Like most young women festivals, for Naisha, are purely an occasion to dress up. Those who know Naisha would of course know -- that would mean wearing a chaniya choli. When Rakshabandhan came up her first question was, “May I wear a Chaniya Choli.” Before I could nod or shake my head she lifted her forefinger at me (both kids have picked this rather unpleasant habit of pointing their forefinger from their mother.. sigh) and said, “You said I could wear it for festivals and pujas.”
A nod it had to be, then.
I had seen this coming (smart mum) and I had her ensemble ready, or rather, their outfits ready for if Naisha wears a Chaniya Choli, Hrit must follow in his Kurta Pajama.
Quite in keeping with his male genes Hrit is hardly bothered about what he wears … of course as long as it is in tune with what Naisha wears. Then there was the issue of the gifts and much much against my better sense I went out to scout….
I must take a flashback break please…
When we were growing up the excitement of a festival was about being together.. papa coming home early, accompanying him to the market with lists of shopping, decorating the house, making cards, helping our grandmoms and mum with the cooking.. and yes yummy food and sometimes, new clothes.
I do make an effort to involve the kids in the decoration, the shopping and the cooking but the special food and new clothes are a given. What I’ve failed completely at, is the issue of gifts. Gifts have become the central theme, whether it’s a birthday, diwali or yes Rakshabandhan. Gifts take centre stage sidelining everything else .. the emotion.. the togetherness… the prayers and puja.. the excitement of doing something special together.
And I have no one to blame, except me.
My promise to myself for next year…
I WILL stress on making them do something special for each other on Rakshbandhan..
Maybe a 'no fight' pact (not possible of course.. but no harm trying)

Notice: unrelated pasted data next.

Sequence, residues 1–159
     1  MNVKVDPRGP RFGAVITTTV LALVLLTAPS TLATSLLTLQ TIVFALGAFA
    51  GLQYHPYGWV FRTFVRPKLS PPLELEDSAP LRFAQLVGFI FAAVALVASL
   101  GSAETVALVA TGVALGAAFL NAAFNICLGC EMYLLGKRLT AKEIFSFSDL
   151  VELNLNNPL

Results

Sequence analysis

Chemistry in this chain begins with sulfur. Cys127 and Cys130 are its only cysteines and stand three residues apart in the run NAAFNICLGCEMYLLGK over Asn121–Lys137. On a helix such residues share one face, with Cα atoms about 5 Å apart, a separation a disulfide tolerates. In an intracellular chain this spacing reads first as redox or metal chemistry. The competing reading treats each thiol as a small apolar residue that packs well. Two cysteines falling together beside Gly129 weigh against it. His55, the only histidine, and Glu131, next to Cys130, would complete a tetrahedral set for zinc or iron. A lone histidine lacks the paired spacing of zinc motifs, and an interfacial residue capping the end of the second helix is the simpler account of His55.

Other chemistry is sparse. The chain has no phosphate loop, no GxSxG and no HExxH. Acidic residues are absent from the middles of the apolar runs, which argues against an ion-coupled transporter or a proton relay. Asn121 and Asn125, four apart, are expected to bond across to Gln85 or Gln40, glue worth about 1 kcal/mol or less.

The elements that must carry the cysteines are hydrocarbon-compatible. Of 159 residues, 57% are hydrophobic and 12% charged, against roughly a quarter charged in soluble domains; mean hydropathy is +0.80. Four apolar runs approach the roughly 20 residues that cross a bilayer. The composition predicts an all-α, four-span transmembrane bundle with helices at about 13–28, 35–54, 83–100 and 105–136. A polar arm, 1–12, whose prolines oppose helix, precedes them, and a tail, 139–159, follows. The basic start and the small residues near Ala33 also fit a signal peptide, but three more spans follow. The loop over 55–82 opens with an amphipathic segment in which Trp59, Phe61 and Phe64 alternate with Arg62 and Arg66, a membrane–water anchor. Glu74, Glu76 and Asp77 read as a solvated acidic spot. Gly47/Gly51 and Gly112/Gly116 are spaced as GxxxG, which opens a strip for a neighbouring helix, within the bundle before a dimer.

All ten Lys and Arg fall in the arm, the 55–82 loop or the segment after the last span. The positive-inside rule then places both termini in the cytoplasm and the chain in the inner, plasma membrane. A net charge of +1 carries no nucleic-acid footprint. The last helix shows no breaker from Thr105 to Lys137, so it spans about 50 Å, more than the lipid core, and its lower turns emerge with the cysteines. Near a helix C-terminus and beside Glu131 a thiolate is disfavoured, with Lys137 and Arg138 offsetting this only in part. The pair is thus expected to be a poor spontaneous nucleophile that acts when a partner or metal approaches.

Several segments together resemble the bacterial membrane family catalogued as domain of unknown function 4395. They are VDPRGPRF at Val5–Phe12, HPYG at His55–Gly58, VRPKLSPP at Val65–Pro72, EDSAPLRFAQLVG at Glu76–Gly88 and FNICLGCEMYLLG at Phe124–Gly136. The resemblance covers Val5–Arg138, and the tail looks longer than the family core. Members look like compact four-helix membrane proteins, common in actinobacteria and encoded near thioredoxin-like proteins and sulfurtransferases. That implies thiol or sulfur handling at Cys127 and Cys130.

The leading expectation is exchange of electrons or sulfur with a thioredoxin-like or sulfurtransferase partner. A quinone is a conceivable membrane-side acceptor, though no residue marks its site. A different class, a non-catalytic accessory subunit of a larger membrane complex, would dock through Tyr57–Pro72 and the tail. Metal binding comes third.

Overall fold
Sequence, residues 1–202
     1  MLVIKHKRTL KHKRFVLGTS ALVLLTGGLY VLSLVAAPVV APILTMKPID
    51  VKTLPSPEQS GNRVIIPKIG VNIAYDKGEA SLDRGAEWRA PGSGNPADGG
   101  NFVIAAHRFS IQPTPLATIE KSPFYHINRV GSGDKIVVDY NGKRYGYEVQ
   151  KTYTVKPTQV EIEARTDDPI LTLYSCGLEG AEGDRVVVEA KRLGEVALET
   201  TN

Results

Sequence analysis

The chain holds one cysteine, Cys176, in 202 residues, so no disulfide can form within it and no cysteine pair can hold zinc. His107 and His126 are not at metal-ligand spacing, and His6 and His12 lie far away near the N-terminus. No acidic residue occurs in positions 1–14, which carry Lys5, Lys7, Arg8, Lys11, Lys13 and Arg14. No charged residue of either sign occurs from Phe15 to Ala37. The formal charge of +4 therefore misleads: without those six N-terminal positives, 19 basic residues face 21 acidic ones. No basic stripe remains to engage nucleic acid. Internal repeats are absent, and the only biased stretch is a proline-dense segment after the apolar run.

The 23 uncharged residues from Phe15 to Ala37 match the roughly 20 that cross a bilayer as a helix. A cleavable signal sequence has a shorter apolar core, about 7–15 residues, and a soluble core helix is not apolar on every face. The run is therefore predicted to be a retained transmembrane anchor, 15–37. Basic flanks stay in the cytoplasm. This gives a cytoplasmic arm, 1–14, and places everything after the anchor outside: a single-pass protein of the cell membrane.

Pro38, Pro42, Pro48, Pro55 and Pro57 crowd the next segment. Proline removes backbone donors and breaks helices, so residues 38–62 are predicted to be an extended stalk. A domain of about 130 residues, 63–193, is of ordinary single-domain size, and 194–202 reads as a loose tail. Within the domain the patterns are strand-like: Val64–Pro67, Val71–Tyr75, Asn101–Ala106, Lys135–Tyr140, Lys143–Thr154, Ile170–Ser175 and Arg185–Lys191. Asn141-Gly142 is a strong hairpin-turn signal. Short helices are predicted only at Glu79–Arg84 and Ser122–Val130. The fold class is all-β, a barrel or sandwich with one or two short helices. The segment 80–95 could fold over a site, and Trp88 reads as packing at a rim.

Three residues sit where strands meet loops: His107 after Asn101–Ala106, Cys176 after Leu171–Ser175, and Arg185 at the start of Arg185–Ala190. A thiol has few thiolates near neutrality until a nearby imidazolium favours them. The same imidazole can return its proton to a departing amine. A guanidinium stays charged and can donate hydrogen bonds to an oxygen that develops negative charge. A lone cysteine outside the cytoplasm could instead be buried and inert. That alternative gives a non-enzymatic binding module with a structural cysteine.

Cards for each other
And maybe just token gifts
Suggestions invited for more ideas
This year I got them both gifts. Then with the major issues out of the way I went about the rest of the mundane stuff like buying rakhis and preparing for the ceremony. Finally it was all done and I peacefully looked forward to the big day.
Rakshabandhan arrived and brought with it a wonderfully excited Naisha and predictably enough (Remember the rule: I have to have one child happy and one crabby) a superbly grumpy Hrit.
Well I got them dressed.. they looked sweet.. I have to hand it to Naisha – she does look delightfully cute in traditional clothes. When she was all done Hrit thought she looked quite pretty and promptly asked me if he could please marry Naisha. I recovered my composure in a matter of minutes (experienced mum) and explained that he couldn’t and that we’d find someone as pretty for him. He seemed a tad miffed but agreed.
Their cousin came over and as the time of the puja approached Hrit got more and more grouchy.
Sometimes I wish I had the power to look inside their heads and hearts so I could understand why Why WHY they get crabby.
In the absence of any such powers all I could do was try my best to pacify him while holding onto tightly to my short fuse. He refused to get his picture clicked.. then refused to get the tika put.. then he said he didn’t want any rice on his tika.. when the sisters tried to give him mithai he covered his mouth with both his hands. When Naisha started tying his rakhi he totally rebelled, “I won’t tie two rakhis,” he bawled.. that, when it his favourite Ben10 rakhi.
Then it was time for exchanging gifts and Hrit chose that time to launch into a full fledged tantrum. He snatched at the gifts saying.. I want this one…. I want the big one… mine is not nice and on and on. He completely lost it.
And so did I
I know. I shouldn’t have. But I did.
And so Rakshabandhan ended up a not-so-nice affair. If only Hrit and I had had some patience!
|I WILL NOT cooperate|